The word 'seiza' was not used before the Edo period; instead, the style was called 'kashikomaru' or 'tsukubau.'
Since the word 'seiza' did not appear in the 'Genkai' dictionary published in 1889, it is regarded that the concept of 'seiza' originated in or after the Meiji period.
A pre-Edo period seiza style, that today is sometimes called otoko suwari, can be seen in many Japanese paintings. This style is often used when the legs fell asleep due to sitting in the post-Edo period seiza style for a certain period of time.
To sit in the seiza style, one first kneels on the floor and rests the buttocks on the heels; this position is called kiza (kneeling position). Then, the tops of the feet are put flat on the floor and the buttocks are finally lowered all the way down on the heels. The hands are placed modestly on the knees or on the thighs, and the back is kept straight. Traditionally, women sit with the knees together while men separate them slightly. Some martial arts, notably kendo (Japanese art of fencing) and iaido (art of drawing the Japanese sword), may prescribe that men also sit with the knees together (to protect the crotch), or sit with two fist widths of distance between them. Shintaido (literally "new body way," an avant-garde martial art) prescribes a different type of seiza called kaihotai seiza, in which one sits with the legs open as wide as possible to open and develop the body. Also, when sat in the seiza style, the big toes are often overlapped in order to stop the legs falling asleep. In the past, men were supposed to put the left big toe on the right, and women were supposed to put the right big toe on the left; however, no such rules exist toady. Some martial arts, such as iaido, prescribe not overlapping the toes because it will delay the movement of raising a knee from sitting in seiza style.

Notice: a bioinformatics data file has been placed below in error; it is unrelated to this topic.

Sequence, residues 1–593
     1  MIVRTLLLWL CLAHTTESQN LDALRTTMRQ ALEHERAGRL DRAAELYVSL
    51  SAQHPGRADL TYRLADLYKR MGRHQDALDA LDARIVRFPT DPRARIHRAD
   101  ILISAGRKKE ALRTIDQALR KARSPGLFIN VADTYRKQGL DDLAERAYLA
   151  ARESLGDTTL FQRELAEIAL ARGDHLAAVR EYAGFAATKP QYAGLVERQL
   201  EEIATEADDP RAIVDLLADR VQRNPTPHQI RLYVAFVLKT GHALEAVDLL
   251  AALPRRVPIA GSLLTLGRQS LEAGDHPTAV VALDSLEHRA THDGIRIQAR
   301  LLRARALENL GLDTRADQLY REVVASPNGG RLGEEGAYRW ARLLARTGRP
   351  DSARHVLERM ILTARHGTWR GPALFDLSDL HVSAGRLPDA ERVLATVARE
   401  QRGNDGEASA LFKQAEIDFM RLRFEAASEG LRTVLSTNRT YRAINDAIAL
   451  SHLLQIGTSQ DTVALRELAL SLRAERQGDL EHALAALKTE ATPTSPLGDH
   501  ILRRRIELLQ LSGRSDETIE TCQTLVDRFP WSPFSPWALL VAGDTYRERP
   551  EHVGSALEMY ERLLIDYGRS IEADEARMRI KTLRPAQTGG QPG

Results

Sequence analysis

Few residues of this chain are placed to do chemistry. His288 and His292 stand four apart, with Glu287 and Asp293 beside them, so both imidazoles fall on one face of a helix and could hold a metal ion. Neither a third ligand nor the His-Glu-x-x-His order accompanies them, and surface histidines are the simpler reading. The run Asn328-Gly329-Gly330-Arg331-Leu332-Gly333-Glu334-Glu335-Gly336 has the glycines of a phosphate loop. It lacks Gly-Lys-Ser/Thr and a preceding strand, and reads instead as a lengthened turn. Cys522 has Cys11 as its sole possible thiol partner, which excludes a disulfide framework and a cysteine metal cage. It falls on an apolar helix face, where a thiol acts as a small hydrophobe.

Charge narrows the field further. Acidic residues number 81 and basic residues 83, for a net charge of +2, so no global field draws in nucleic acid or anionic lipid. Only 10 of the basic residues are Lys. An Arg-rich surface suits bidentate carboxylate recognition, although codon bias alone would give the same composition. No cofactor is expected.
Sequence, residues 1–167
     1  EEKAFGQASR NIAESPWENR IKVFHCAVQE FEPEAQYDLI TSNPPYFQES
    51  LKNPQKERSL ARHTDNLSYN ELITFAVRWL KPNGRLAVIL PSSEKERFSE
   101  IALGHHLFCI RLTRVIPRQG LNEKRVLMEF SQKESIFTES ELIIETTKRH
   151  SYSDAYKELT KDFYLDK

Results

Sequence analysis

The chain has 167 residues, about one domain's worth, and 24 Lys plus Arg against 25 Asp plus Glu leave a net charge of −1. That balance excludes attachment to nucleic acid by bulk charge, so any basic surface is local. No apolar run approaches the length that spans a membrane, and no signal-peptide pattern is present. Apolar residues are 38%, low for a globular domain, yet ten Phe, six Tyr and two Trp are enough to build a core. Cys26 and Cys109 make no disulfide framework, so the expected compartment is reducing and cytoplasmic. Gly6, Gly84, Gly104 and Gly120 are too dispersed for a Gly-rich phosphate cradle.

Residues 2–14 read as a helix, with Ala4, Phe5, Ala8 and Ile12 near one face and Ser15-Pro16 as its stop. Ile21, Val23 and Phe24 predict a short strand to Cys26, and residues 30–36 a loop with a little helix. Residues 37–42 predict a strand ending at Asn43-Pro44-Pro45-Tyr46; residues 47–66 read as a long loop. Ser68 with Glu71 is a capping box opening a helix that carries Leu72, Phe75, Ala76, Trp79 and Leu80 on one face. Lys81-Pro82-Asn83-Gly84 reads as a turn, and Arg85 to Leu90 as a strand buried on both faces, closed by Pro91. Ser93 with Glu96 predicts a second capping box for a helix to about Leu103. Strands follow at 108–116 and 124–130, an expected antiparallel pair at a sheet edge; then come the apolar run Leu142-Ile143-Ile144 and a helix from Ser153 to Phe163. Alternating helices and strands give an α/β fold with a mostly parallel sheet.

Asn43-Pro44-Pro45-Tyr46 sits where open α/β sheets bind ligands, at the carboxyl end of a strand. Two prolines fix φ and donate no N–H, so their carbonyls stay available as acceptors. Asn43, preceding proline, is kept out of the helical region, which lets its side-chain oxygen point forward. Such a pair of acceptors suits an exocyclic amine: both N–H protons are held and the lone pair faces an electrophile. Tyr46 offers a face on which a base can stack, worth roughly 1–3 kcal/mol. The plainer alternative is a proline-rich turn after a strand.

The way of entering and exiting the seiza position depends on the clothing one is wearing, and there are formalized manners governing the movements.
One may sit seiza style on any surface, including carpeted and hardwood floors, as well as on tatami mats. When sitting seiza style on such hard surfaces, zabuton (traditional Japanese cushions) are often used.